We find ourselves cut adrift from both our past and future. The Age of Trump heralds a break in our sense of historical continuity. We have lost our connection to a stable social and political order. At the same time, the specter of climate change hangs as a dark cloud over the prospects for our collective future.
Bereft of a strong connection to past or future, we have no recourse but to come alive to the present tense.
This of course is the very place that sages and wise folk (from the Buddha to Thoreau) have long urged us to direct our attention. In a way then we should be grateful that world events have thus conspired to make our spiritual quest that much easier to accomplish.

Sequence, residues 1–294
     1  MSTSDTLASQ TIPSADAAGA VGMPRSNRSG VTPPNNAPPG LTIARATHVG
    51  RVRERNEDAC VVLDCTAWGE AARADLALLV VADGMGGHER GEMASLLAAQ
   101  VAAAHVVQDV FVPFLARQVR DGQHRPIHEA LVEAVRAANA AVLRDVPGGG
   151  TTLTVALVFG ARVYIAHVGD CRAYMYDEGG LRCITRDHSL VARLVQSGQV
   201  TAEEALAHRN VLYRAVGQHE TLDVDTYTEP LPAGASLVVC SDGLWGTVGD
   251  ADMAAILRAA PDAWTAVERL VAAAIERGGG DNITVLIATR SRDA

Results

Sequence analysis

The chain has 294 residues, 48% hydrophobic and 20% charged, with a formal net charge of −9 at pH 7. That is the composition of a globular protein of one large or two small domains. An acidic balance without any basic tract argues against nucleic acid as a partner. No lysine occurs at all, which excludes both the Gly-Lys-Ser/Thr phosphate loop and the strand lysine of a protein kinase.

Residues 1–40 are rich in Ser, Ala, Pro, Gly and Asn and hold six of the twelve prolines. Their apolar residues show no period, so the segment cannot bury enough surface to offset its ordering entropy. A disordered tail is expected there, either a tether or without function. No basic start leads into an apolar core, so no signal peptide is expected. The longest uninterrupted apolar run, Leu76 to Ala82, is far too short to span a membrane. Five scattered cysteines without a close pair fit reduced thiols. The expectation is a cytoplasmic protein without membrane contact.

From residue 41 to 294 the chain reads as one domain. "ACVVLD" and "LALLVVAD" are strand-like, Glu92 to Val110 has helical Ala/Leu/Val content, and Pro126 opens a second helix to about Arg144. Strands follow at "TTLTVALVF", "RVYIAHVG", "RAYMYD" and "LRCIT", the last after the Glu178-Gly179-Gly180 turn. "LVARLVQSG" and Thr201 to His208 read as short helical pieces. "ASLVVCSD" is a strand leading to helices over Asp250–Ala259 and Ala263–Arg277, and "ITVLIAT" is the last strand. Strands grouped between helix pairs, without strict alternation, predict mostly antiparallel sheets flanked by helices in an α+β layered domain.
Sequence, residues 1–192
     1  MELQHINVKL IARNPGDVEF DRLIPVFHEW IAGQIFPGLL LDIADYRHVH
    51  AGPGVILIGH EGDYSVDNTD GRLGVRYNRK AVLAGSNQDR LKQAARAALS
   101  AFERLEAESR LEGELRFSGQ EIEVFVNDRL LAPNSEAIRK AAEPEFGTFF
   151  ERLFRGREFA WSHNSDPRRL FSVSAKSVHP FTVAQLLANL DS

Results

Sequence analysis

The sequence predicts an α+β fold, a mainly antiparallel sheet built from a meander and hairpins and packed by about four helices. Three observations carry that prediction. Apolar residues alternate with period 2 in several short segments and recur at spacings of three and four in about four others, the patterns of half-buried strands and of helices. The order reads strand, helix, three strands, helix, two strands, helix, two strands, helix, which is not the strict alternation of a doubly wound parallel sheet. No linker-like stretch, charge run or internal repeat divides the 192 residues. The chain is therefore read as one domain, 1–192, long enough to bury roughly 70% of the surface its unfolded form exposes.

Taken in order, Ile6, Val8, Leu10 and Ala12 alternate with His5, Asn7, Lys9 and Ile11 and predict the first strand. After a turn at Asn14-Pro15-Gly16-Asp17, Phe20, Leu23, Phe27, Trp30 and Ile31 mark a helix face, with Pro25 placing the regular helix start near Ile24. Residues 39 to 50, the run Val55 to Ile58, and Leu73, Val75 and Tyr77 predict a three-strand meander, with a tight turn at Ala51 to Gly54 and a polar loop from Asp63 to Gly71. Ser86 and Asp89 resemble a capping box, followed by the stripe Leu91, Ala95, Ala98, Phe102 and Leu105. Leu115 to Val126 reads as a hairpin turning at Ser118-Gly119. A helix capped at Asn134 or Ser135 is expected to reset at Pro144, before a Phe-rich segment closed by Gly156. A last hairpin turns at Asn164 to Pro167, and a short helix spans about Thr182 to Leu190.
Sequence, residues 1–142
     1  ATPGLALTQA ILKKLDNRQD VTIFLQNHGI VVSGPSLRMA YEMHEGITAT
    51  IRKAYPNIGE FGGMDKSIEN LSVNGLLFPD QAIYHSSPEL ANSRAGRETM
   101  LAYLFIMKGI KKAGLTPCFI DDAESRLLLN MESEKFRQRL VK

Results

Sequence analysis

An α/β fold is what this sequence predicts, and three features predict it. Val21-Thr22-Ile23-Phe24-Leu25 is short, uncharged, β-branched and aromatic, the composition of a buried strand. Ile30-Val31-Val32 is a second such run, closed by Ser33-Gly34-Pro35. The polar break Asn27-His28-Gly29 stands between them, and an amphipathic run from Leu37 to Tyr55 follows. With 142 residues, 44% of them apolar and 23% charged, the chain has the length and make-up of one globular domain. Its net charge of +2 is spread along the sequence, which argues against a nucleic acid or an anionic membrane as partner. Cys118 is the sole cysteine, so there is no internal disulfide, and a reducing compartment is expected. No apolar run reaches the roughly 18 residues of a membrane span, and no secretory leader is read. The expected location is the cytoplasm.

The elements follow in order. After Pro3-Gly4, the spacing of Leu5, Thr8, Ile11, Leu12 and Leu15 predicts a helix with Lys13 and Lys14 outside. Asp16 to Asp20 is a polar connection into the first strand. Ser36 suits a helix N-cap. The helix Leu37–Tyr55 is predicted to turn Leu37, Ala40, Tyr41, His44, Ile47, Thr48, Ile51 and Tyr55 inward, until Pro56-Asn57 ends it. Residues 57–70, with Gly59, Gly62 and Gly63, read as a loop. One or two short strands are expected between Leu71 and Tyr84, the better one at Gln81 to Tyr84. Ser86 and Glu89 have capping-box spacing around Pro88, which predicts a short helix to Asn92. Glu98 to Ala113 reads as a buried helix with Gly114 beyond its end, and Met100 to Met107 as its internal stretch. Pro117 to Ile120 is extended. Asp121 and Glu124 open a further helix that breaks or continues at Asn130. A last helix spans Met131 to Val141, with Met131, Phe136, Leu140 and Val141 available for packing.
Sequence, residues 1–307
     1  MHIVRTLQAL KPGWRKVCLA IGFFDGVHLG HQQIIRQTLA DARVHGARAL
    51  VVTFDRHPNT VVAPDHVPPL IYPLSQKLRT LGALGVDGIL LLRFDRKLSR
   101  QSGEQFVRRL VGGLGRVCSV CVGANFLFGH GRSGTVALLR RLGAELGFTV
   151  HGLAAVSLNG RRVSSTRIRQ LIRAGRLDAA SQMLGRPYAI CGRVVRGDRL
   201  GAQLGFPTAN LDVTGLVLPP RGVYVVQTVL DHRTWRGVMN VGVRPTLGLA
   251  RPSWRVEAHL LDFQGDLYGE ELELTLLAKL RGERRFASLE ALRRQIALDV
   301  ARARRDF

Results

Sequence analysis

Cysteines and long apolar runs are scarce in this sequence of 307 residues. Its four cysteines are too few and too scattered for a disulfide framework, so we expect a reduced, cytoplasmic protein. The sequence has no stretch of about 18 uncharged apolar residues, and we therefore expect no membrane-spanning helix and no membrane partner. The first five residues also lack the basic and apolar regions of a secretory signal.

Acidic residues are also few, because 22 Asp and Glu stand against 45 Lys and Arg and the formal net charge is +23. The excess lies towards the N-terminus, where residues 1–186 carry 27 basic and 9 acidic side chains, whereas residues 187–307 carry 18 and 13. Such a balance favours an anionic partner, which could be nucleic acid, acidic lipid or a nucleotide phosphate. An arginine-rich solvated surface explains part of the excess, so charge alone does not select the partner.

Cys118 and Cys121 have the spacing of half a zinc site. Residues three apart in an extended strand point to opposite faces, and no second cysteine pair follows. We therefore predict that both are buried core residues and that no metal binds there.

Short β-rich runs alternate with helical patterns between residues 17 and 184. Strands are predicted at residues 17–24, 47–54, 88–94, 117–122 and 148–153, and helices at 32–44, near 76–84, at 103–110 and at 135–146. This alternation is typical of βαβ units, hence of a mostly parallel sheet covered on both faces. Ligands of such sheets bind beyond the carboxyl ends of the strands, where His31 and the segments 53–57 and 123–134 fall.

Joe Lamport is a writer and translator and a fellow traveler of the Middle Way. His spiritual practice is intimately connected with the translation of classical Chinese poetry, including the Buddhist inspired poetry of Bai Juyi and Wang Wang Wei. He has several published books to his credit, including most recently an all verse translation of The Adventures of Monkey King, by Wu Cheng En (you can read the first chapter of his translation which was published online by Brooklyn Rail’s InTranslation here: The Birth of Monkey King). In addition, his translations of Tang poetry have been published extensively online and in print, as he previously served as a regular contributor to The Epoch Times. He has written a short essay on Tang poetics, which was published here: A Journey into the Yu Gong Valley. Follow him on Twitter and check out his personal blog, http://lampoetry.blogspot.com.
Editor: Dana Gornall